We study the interaction between the environment and the economy
The economic process transforms raw materials and energy into economic products and waste. The economic challenge is to maintain the resilience of the current socio-ecological and socio-safety regime. We contribute by doing excellent solution-oriented research using diverse research methods to address sustainability challenges and problems in their economic context.
We study the interactions among human and earth systems within organizational contexts, to provide a sound foundation of scientific knowledge to support decision-makers and to reduce uncertainty. We analyse environmental and sustainability issues within multiple economic sectors such as agricultural, energy, waste and security. We adopt a broad range of economic disciplines including (i) extended neoclassical economic tools and principles (environmental economics), (ii) ecosystem based thinking (ecological economics) (iii) the optimization of renewable and non-renewable resource allocation (natural resource economics), (iv) economic theory to assess the sustainable production of food and biomass (agricultural economics), (v) the supply and use of energy in societies (energy economics), and (vi) the investigation of safety and security issues (safety and security science).
We provide quantitative and independent assessments and publish scientific articles. In collaboration with several international partners we develop and carry out national and international projects. We train a new generation of researchers and students with the skills to tackle complex sustainability challenges in the future.
A broad field of research topics are studied in the field of (i) agriculture and food, (ii) energy, (iii) sustainable production; (iv) safety and security.
A sustainable, efficient farming sector which uses safe, clean and environmentally friendly production methods is a necessity. We analyse the sustainability performance of farms considering externalities and the provision of ecosystem services and/or public goods. The economic impact of climate change on agriculture and the benefits of climate change adaptation is estimated. We study different agricultural systems in different regions (Europe, Ethiopia, Iran, South Africa).
Energy use is one of the corner stones of modern industrialized society. Traditional generation technologies have proven to have detrimental impact on the environment, making novel approaches to energy generation and consumption necessary. To that end, we study the supply and demand of energy in societies. More specific, we investigate the economics of micro-grids, demand response programs, the biobased economy, and clean technologies such as renewable energy .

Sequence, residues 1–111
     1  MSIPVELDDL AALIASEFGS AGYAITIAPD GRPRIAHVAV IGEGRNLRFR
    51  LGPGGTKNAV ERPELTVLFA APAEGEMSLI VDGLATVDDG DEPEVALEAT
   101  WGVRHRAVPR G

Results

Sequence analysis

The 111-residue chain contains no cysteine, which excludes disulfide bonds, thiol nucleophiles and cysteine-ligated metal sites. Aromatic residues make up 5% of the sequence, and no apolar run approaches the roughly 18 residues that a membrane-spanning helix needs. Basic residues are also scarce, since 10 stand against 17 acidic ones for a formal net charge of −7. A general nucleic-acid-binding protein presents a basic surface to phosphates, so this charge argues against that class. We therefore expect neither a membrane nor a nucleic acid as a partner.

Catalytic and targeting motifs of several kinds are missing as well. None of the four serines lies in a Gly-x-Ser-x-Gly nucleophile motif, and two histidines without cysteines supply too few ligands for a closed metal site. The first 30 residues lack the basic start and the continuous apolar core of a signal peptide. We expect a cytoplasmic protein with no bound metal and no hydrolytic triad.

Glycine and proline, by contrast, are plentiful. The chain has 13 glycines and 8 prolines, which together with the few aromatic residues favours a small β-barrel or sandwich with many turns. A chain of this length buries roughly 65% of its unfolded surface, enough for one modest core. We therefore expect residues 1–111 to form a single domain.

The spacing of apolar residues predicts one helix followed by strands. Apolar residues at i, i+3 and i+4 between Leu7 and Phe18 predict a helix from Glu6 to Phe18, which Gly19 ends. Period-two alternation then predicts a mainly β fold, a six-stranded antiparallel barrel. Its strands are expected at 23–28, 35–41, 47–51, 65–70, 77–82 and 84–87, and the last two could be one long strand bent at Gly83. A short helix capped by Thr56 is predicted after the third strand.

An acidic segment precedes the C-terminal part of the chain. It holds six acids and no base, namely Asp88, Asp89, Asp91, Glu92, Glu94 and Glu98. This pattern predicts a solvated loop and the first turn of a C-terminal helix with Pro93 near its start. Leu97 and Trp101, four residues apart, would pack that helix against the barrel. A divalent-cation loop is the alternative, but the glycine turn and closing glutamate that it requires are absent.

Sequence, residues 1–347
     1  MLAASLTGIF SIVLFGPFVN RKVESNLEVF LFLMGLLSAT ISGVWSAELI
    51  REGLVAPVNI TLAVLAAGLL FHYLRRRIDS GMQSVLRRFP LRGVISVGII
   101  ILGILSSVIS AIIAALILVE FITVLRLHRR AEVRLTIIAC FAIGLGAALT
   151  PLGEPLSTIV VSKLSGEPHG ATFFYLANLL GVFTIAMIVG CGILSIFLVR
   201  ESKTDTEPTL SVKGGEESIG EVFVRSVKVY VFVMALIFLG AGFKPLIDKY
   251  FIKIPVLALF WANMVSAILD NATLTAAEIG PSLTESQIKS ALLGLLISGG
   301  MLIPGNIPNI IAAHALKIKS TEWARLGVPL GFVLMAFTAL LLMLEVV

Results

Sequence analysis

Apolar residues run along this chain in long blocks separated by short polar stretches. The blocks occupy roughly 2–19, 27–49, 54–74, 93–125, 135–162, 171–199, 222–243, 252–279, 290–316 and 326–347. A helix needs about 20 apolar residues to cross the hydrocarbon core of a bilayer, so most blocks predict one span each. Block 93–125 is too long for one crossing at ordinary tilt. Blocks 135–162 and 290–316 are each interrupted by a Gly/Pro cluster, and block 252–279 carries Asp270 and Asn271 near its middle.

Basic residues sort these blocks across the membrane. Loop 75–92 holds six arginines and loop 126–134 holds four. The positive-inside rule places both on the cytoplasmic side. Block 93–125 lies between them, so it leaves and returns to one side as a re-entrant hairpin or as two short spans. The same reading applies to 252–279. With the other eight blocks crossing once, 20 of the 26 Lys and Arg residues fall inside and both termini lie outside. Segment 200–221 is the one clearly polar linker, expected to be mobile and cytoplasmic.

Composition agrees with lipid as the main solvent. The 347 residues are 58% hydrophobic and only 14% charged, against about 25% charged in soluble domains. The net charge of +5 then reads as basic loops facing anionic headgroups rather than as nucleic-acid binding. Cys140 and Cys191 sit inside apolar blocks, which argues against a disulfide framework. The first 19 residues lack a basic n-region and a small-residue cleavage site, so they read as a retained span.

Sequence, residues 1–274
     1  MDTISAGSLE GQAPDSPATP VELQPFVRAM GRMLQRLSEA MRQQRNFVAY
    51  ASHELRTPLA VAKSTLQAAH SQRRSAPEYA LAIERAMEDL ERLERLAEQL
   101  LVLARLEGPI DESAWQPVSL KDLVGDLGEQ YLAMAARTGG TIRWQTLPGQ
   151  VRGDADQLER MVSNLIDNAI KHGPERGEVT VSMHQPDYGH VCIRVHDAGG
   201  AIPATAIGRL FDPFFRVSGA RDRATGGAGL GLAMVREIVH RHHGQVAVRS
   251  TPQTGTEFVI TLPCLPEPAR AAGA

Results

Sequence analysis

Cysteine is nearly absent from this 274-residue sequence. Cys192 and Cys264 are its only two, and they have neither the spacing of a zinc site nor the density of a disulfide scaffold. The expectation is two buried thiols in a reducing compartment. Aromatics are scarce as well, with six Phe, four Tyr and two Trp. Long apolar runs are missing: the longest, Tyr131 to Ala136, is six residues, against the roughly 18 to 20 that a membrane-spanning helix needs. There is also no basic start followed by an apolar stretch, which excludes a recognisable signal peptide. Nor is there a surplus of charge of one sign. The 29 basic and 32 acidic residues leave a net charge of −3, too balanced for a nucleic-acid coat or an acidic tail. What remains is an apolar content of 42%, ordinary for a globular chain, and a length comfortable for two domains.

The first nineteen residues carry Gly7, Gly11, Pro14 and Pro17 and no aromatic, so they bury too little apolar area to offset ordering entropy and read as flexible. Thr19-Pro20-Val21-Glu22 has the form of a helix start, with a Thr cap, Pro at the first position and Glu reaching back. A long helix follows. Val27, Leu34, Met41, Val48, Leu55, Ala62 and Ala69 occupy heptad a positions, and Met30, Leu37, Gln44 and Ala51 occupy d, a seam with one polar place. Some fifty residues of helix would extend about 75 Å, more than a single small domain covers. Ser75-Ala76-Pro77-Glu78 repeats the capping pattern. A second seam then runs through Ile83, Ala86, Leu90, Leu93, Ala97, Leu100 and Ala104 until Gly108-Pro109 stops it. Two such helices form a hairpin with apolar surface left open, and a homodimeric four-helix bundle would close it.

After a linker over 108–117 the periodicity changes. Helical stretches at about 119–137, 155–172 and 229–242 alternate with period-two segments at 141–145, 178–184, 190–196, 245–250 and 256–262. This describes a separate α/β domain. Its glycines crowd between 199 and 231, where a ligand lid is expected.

Sustainable production can be defined as production in a manner that is socially beneficial, economically viable and environmentally benign over their whole life cycle. The development of clean technologies and closing loops in industrial ecosystems (circular economy) is essential. We study the economic and sustainability performance of environmental technologies and enhanced waste management solutions (including enhanced landfill mining, deep sea mining).
We investigate safety and security topics within (multi-)organizational and regulatory contexts, from an engineering (technological), economic (organizational), and human (social) perspective. We study the way safety and security technology/software, how inherent safety can be achieved, collaboration within industrial parks, and decision-making regarding options characterized with high uncertainties and extremely low probabilities (e.g. terrorist attacks in chemical clusters or domino effects in the process industries).
Sustainability assessment brings economic, social and environmental information together. The combination of different metrics combining environmental and economic aspects is an interesting approach to assess sustainability performance. Techno-economic assessment (TEA), life cycle costing (LCC), life cycle analysis (LCA) and cost-benefit analysis (CBA), including the valuation of externalities, are important methodological components towards sustainability assessments.
A wide range of environmental valuation methods exists. Hedonic pricing is one of the most common revealed preference methods. The Ricardian method to estimate the economic impact of climate change is also based on the concept of surrogate markets. Discrete choice modelling is commonly used as stated valuation technique including non-use values. Additional, alternative methods are developed, for example to value biodiversity using bio-economic modelling.
A techno-economic assessment (TEA) is a valid integrated technological and economic assessment method. It is essential to foster the development of clean technologies. TEA provides guidance to technology providers, and policy makers. Uncertainty can be tackled by sensitivity analysis or real option analysis.
Safety and security are studied by both quantitative techniques and qualitative research methods. Quantitative methods include statistical methods, traditional methods such as Bow Tie development and economic cost-benefit analyses, dynamic risk approaches such as Bayesian Networks (GeNie) and Petri-nets, and game-theory. Qualitative techniques encompass surveys, in-depth interviewing, and using programs such as NVivo for information processing.